How Clean is Clean?: Assuring Decontamination Efforts are Adequate

Much has been written about hazardous materials decontamination over the years as far as who does it, where it is done, how it is done, why it is done, and when it is done. But, there is very little information or guidance pertaining to how to assure decontamination (decon) efforts are adequate. For the most part, when responders and/or victims complete their travel through the decon corridor an assumption is made that they are clean. But, is this value judgment safe? Can responders unequivocally and without reservation say that each and every person who has been deconned is clean? If you cannot answer "yes" to this question then you (your agency) have some work to do.

You may counter the question above by stating that your decon efforts of the past have been successful in that no post decon exposures or illnesses have occurred. Maybe, your track record shows an over-reliance on chance or even luck. OSHA, the federal agency who watches over hazmat response, realizes the importance of conducting decon efforts and assuring its effectiveness. Over the last 15 years several OSHA plan states have issued citations and fines to fire departments for lack of decon efforts, including assuring decon effectiveness. All of the citations are based on the Hazwoper law found in 29 CFR 1910.120 (q). Based on these legal requirements and personnel safety issues there is more than enough motivation to take the steps that assure effective decon efforts are employed, but how?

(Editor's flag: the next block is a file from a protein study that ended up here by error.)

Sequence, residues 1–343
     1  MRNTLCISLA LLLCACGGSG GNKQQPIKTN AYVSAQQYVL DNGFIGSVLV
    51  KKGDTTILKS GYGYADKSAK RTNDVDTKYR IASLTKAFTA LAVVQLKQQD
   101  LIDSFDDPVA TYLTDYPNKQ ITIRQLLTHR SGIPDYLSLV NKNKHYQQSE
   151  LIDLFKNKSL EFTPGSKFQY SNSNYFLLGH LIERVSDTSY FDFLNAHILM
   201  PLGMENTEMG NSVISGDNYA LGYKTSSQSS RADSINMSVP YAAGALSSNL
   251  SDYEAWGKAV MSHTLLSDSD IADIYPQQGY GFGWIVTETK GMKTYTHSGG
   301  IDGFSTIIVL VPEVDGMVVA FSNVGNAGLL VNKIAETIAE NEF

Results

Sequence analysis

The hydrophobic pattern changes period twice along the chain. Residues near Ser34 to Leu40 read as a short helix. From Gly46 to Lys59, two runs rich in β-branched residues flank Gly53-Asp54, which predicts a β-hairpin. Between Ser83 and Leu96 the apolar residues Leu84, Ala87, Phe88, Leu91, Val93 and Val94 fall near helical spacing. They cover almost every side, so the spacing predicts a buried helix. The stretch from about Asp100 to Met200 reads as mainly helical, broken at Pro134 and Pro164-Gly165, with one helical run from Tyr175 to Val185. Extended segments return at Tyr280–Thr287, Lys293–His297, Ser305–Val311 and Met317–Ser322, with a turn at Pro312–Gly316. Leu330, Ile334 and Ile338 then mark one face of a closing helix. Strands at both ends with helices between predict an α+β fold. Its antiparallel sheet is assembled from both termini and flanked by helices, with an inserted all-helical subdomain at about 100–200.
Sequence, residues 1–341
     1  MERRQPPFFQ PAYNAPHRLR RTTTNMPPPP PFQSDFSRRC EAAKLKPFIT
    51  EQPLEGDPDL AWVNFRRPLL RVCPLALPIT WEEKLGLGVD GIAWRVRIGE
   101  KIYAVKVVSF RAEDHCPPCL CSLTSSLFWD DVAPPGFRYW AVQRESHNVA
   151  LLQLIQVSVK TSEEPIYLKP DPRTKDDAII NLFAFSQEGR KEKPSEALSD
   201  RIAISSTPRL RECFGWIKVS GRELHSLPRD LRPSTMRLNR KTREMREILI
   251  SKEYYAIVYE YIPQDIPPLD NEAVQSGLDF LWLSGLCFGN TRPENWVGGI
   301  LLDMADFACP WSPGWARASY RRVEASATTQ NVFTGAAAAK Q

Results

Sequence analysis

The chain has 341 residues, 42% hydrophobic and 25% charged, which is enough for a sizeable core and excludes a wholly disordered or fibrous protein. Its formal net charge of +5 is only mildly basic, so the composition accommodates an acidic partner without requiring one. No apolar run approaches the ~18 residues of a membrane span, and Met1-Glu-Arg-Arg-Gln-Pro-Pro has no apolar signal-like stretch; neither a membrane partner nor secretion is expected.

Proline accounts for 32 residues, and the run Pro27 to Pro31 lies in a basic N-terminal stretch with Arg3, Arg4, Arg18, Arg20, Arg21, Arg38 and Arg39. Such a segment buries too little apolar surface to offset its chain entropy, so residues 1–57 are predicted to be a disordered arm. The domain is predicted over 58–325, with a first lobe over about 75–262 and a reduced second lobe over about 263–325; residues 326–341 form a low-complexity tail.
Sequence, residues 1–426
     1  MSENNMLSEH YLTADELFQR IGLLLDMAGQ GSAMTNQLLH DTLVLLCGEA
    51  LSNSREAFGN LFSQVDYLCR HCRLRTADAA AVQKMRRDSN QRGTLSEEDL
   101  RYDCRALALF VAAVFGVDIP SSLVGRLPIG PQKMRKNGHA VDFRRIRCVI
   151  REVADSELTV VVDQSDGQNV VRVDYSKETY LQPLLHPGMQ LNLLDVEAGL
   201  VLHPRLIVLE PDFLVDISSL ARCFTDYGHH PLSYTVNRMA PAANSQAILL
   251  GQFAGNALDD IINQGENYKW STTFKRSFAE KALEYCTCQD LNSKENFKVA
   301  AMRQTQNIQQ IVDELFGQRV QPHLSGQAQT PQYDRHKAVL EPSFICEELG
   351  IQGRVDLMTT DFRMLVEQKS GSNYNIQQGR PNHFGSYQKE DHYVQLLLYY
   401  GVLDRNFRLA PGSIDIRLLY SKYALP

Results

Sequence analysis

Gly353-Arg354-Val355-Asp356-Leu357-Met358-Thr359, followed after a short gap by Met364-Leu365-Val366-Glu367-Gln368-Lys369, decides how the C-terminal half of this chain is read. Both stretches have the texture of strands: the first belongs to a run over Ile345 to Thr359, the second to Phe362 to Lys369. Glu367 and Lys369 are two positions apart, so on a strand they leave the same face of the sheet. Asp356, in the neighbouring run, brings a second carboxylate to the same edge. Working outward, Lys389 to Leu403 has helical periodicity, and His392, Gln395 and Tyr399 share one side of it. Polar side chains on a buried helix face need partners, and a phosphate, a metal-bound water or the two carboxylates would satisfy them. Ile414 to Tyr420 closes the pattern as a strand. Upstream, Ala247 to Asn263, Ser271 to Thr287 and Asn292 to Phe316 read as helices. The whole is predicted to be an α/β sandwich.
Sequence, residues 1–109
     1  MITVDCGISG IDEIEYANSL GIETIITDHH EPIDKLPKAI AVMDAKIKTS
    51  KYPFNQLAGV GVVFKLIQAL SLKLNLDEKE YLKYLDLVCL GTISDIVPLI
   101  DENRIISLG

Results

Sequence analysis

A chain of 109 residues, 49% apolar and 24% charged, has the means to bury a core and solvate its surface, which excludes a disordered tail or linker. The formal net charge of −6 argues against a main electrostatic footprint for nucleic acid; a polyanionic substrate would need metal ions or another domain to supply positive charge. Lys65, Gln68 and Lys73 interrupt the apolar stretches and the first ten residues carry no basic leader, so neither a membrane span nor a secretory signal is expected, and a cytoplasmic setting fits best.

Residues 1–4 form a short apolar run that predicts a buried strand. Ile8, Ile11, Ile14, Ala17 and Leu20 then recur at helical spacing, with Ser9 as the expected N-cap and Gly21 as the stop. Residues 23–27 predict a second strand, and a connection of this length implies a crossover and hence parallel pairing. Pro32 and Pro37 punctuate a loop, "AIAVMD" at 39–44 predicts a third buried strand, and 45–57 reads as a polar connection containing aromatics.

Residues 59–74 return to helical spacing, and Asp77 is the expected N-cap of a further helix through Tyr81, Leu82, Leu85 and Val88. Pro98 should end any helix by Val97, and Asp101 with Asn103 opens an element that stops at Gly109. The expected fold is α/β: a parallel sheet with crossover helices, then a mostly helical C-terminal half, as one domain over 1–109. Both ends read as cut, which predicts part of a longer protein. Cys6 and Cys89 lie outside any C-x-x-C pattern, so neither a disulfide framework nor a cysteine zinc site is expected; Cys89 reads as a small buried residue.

The old reliance on guesswork will simply not be defensible if cited by an OSHA representative or even if called to testify in court because of a lawsuit. A more defensible approach would be to develop documented methods of assuring decon effectiveness. Essentially, there are only two methods that can be utilized to determine if decon efforts are effective: qualitative and quantitative.

Qualitative methods to determine decon effectiveness involve making judgment decisions on whether all harmful contaminants have been removed from responders and victims and their clothing. This usually involves a visual inspection. Some agencies have applied colored syrup to responder's clothing before they undergo decon. This way the decon personnel can judge their efforts during the decon process by working to remove the syrup. Again, if no syrup can be seen after responders exit the decon corridor then the assumption is made that the responder is clean because any real contaminant was probably washed off along with the syrup.